Plaintiff held judgments resulting from a contract action against Bridge IT, Inc. ("IT"), a computer services company owned and operated by Defendant ("Higgins"). When Plaintiff garnished a bank account of IT to collect on the judgments, Higgins stopped operations as IT and opened a similar business under a new name, Bridge Info Tech, Inc. ("Info Tech"). Plaintiff then brought suit against Info Tech, Higgins and her spouse, seeking to enforce the judgments against Higgins and her new company under theories of successor corporate liability, breach of the of Uniform Fraudulent Transfer Act ("UFTA"), and the corporate trust fund doctrine.
The trial court denied Defendants' motion for summary judgment. The jury returned verdicts against Higgins under the trust fund doctrine and against Info Tech for the UFTA and successor liability claims. After further briefing, the trial court ruled as a matter of law that Higgins also was personally liable under the theories of fraudulent transfer and successor corporate liability. Defendants appealed.
The Court of Appeals upheld the imposition of successor corporate liability against Info Tech on the grounds that it was a "mere continuation" of IT. A corporation is a “mere continuation”—and thus liable for the debts – of a predecessor corporation if there is (1) a “substantial similarity in the ownership and control of the two corporations” and (2) “insufficient consideration running from the new company to the old” for assets transferred to the new company. The failure to provide any payment in exchange for the transfer of intangible assets (such as corporate goodwill) to the new company satisfied the second prong of the “mere continuation” test, even though Plaintiff failed to prove the value of the transferred, intangible assets.
Regarding Higgins’ personal liability, the appeals court affirmed the imposition of liability under the trust fund doctrine. The doctrine requires proof that (1) corporate assets were transferred to the defendant; (2) at a time when the corporation was insolvent; and (3) the transfers preferred defendant to the disadvantage of other creditors of the same priority. Liability is limited to the value of assets received. The jury permissibly concluded that IT was insolvent from the time of the initial jury verdict against it in the contract action, despite that the final judgment had not been entered yet.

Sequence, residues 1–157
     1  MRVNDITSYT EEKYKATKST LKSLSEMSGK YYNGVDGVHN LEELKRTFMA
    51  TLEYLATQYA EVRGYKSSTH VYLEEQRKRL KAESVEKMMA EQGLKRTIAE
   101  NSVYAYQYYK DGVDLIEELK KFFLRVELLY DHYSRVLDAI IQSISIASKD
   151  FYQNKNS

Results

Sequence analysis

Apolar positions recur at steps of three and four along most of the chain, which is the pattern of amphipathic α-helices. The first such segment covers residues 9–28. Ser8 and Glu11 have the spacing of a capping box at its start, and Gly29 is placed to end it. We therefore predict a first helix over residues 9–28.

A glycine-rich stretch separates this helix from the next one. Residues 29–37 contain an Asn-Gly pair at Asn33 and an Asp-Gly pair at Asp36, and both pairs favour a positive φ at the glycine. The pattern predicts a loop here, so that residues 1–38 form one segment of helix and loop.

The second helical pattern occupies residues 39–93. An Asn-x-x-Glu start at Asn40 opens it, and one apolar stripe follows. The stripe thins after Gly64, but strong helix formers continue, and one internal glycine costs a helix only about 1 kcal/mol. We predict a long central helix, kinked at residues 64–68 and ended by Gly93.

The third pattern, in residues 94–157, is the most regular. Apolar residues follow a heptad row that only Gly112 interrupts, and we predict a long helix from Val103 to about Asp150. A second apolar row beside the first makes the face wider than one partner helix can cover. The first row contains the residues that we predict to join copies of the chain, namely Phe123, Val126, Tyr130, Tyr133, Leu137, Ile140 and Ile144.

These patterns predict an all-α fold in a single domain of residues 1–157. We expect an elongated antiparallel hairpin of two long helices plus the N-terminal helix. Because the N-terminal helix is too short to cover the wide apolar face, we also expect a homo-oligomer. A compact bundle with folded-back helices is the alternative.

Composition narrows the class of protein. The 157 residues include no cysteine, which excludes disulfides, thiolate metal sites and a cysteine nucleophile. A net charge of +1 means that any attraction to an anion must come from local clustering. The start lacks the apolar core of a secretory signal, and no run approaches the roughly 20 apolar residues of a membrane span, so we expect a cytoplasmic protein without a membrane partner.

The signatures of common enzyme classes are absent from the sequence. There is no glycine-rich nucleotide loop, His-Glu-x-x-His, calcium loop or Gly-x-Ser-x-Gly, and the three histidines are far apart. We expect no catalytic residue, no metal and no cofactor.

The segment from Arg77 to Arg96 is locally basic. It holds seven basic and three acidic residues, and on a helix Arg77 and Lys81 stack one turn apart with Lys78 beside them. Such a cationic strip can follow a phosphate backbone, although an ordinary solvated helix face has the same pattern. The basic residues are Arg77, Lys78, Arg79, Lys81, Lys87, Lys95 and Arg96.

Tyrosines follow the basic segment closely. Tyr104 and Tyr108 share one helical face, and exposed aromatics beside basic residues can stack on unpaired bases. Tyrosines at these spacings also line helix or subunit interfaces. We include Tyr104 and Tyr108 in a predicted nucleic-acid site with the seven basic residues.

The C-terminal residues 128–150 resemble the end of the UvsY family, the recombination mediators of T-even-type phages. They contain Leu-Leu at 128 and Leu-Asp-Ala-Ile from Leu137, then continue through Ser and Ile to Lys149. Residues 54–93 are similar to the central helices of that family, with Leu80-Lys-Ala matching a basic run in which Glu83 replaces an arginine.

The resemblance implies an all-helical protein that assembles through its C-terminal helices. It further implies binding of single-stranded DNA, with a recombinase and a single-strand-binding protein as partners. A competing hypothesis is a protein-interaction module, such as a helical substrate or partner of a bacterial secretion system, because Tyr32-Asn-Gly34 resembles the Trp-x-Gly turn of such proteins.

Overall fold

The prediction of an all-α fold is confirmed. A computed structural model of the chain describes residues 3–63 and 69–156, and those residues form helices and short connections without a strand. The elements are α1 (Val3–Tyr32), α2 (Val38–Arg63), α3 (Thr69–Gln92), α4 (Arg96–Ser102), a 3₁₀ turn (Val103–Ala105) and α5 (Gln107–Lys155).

The trial court erred, however, in findings Higgins personally liable under a theory of successor corporate liability and under the UFTA. Answering a question of first impression inArizona, the appeals court concluded that UFTA does not provide for personal “aiding-abetting” liability for corporate officers or directors for their role in personally facilitating a fraudulent transfer. Turning to the successor liability theory, the court found insufficient evidence that Higgins’ actions actually hindered Plaintiff’s collection efforts against IT, because Plaintiff did not show the value of intangible assets transferred to Info Tech. The court therefore declined to resolve whether the doctrine imposing personal liability for certain corporate torts applies to a fraudulent transfer subject to the UFTA.
Judge Irvine authored the opinion for the panel; Judges Portley and Kessler concurred.